As leaders of the world’s largest economies prepare to attend the upcoming G20 meeting in Hangzhou, China, 130 investors (with over $13 Trillion AUM) from a coalition of six organisations(1) have written to the G20 heads of state urging them to ratify the Paris Climate Agreement this year and call on G20 nations to double global investment in clean energy, tighten up climate disclosure mandates, develop carbon pricing and phase out fossil fuel subsidies.
“The Paris Agreement provides a clear signal to investors that the transition to the low-carbon, clean energy economy is inevitable and already underway,” said Stephanie Pfeifer, CEO of the Institutional Investors Group on Climate Change (IIGCC). “Governments must ratify the Paris agreement swiftly and have a responsibility to implement policies that drive better disclosure of climate risk, curb fossil fuel subsidies and put in place strong pricing signals sufficient to catalyze the significant private sector investment in low carbon solutions required to realize the agreement’s goals.“
Investors also called on the G20 leaders to prioritize rulemaking by national financial regulators to require stronger disclosure of ‘material’ climate risks.
“Financial regulators, like the SEC, should step up attention to improve the quality of corporate climate disclosures, which are broadly lagging when considering wide-ranging and escalating climate risks,” said Mindy Lubber, President of the US NGO Ceres and Director of the Investor Network on Climate Risk (INCR). “Improving the quality of climate-related financial disclosure, and aligning it between different jurisdictions, is vital to spurring broad capital market action on this issue.”
“In the wake of the Paris Agreement, we have already seen positive changes, but the swifter nations act to ratify the Agreement, the better positioned we will be,” said New York State Comptroller Thomas P. DiNapoli. “There is no debate that the future global economy will be a lower carbon economy. From an investor perspective, the first step must be greater climate risk disclosure to help us fulfill the promise of Paris.”
Lubber said the investor groups are fully engaged with the Financial Stability Board’s Task Force on Climate-related Financial Disclosure (TCFD). We applaud this initiative and encourage G20 nations to consider the TCFD’s forthcoming recommendations as key inputs to their national disclosure rules.
Investors urge the G20 to support a doubling of global investment in clean energy by 2020, as called for by the UN Secretary-General (2) in January 2016 at the Investor Summit on Climate Risk at the UN.
“While the private sector can provide much of this vital investment, policy signals must also support climate goals in the clearest possible manner,” said Emma Herd, CEO of the Investor Group on Climate Change (IGCC). “Maintaining strong growth in clean energy investment is key to tackling climate change. We strongly encourage G20 nations to ratify Paris and help drive trillions of dollars into new clean energy investment opportunities.”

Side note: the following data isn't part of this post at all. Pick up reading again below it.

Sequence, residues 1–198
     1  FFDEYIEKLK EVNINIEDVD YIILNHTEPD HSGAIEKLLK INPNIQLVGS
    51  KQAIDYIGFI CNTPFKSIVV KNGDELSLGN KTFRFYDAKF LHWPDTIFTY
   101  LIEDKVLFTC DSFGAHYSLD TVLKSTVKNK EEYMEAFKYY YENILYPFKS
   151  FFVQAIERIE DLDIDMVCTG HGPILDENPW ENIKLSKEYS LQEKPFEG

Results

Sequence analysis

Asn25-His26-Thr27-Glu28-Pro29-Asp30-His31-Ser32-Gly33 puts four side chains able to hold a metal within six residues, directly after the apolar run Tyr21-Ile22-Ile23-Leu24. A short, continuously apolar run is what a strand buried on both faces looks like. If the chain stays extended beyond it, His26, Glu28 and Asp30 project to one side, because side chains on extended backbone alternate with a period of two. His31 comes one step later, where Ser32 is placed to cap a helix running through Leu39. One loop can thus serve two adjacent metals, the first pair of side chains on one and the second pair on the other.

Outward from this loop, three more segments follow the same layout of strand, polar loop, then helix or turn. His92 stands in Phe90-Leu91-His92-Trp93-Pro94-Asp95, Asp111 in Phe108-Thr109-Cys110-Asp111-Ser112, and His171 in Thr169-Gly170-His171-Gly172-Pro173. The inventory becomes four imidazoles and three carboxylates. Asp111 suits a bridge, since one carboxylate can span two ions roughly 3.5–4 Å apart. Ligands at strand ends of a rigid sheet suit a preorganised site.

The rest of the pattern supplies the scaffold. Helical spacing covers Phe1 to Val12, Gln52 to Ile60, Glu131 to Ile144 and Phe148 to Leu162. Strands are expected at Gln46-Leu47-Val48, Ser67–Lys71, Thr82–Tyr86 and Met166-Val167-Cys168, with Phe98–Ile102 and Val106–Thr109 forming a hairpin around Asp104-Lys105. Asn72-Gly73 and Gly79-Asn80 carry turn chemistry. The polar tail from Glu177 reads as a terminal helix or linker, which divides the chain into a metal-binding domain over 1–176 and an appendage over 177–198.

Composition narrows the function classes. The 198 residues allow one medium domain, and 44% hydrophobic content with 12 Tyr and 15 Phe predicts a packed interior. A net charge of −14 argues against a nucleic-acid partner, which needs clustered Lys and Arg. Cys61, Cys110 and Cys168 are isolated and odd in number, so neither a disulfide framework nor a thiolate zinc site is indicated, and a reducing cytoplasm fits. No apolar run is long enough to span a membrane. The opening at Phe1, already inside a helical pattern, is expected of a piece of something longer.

The letter also welcomes the work of the G20 Green Finance Study Group, which aims to enhance the contribution of institutional investors to the greening of mainstream financial flows. Fiona Reynolds, Managing Director of PRI said, “Investors signing this letter understand that the study group’s conclusions will be presented at the G20 Leaders’ Summit in 2016. We therefore ask for the green finance agenda to be taken forward by the German and other future G20 presidencies. In order for green financing to reach its potential, the G20 must encourage the public and private sectors to work more closely together on issues such as stronger environmental protection and implementation of regulation. Incentives and policy frameworks must also be in place so that private capital flows more freely into green investments.”
Commenting further, Paul Simpson, CEO of CDP added: “investors also highlight the recommendations made to world leaders a year ago in the 2015 Global Investor Statement on Climate Change (3) and renew their calls for the G20 to support both the development of carbon pricing and the prompt phase-out of fossil fuel subsidies.”
Finally, investors also use the letter to urge the G20 to both prioritise implementation of their nationally determined contributions and to prepare to strengthen them with the goal of ensuring all G20 nations meet their commitments and raise their climate ambition during 2018 to achieve the Paris Agreement’s goals.
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To view the letter to the G20, [insert link when live] or visit Global Investor Coalition on Climate Change globalinvestorcoalition.org.